A Novel Method for Periapical Microsurgery With the Aid of 3D Technology

A Case Report

Shangzhu Ye; Shiyong Zhao; Weidong Wang; Qianzhou Jiang; Xuechao Yang


BMC Oral Health. 2018;18(85) 

In This Article

Discussion and Conclusions

Endodontic surgery is needed for the treatment of a large, cyst-like periapical lesion.[1,2] Sometimes it is challenging to locate root-end for resection.[4] The length of resection of root-end (3 mm) is not easy to control for inexperienced surgeons. Here, a novel method was used to solve these problems with the guide of a 3D-printed template. This template was fabricated following data acquisition, image processing and manufacturing, through which the combined information obtained from CBCT and digital surface scans could be integrated into a physical template.

In a conventional periapical surgical process, searching for root-end and the need for adequate operative visual field usually leave a large bone defect which seems unnecessary now.[19] With the aid of the 3D printed template, the diameter of the lesion caused by surgery could be restricted to 3–4 mm, only slightly larger than the length of resection (3 mm). This minimal invasive surgical procedure maximally limits injury to osseous tissues. Less damage to osseous tissues results in less haemorrhage during surgery, less postoperative complications, shorter healing time and better prognosis.

The template served as a carrier, carrying the information of the location of the root-end and the size of the periapical lesion, the orientation and angle of the root and its apex, and the thickness of the cortical bone into the surgical procedure. With the aid of the template, the trephine was navigated into the exact location, and the surgeons did not have to mentally transfer the information to the clinical situation. This procedure enabled the surgeons to precisely remove the overlying bone and the root-end using the trephine. This method not only simplified the surgical procedure but also considerably improved the treatment efficiency. More time was needed preoperatively to virtually design the template. However, the time will surely be reduced in the future once a workflow is established.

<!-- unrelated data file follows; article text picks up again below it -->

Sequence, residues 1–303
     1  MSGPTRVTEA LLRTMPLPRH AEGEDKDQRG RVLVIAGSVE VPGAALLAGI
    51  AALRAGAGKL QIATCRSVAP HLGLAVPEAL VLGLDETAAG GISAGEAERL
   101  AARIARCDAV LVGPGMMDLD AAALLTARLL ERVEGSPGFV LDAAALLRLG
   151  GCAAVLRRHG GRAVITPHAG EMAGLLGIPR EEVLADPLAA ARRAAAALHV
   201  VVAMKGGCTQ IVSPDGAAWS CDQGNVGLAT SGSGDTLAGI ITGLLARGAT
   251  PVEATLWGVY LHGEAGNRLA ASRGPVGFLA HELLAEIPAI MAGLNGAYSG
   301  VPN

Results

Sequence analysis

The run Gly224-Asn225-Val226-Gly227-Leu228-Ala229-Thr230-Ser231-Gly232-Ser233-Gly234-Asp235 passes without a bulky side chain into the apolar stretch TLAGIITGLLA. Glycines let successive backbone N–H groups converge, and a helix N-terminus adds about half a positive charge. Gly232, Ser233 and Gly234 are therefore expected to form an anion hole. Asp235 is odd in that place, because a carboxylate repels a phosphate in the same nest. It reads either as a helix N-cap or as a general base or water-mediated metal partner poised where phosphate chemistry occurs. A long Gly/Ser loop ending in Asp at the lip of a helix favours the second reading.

Adjacent teeth and bone were saved from accidental damage with the restriction of the template. This procedure eliminated the unpredictability of osteotomy and root end resection, rendering a challenging clinical procedure relatively simple to manage. The 3D technology described has the potential to substitute for the specialized training and/or clinical experience necessary to treat these difficult cases, which would enable many dentists to achieve predictable results without needing extensive surgical skills.

A slight mismatch between planning and execution may be expected if we consider the accuracy of this 3D planning technology. Further studies need to be carried out to confirm the accuracy of the 3D-printed template-aided periapical surgery procedure. The uniformity can be checked by comparing pre and postoperative virtual images.

This procedure still has some limitations. When the lesion is in a posterior region, the template can still be fabricated and positioned, but insufficient space will be available for the trephine. The costs of such 3D planning and the production of the directional template are considered high; however, such costs will be reduced in the future given the fast-paced development of digital technology in dentistry. There is a promising chance that a reasonable therapy workflow will be established and this treatment approach will be applied in daily routine practice, benefiting more patients.

The digitally designed directional template fabricated using CBCT, CAD and 3D printing technology worked in all aspects to facilitate the periapical surgery as anticipated. The root-ends were accurately located using the template and resected with the trephine. The surgical procedure was simplified, and the treatment efficiency was improved. This technique minimized the damage to soft and hard tissues and reduced iatrogenic injury.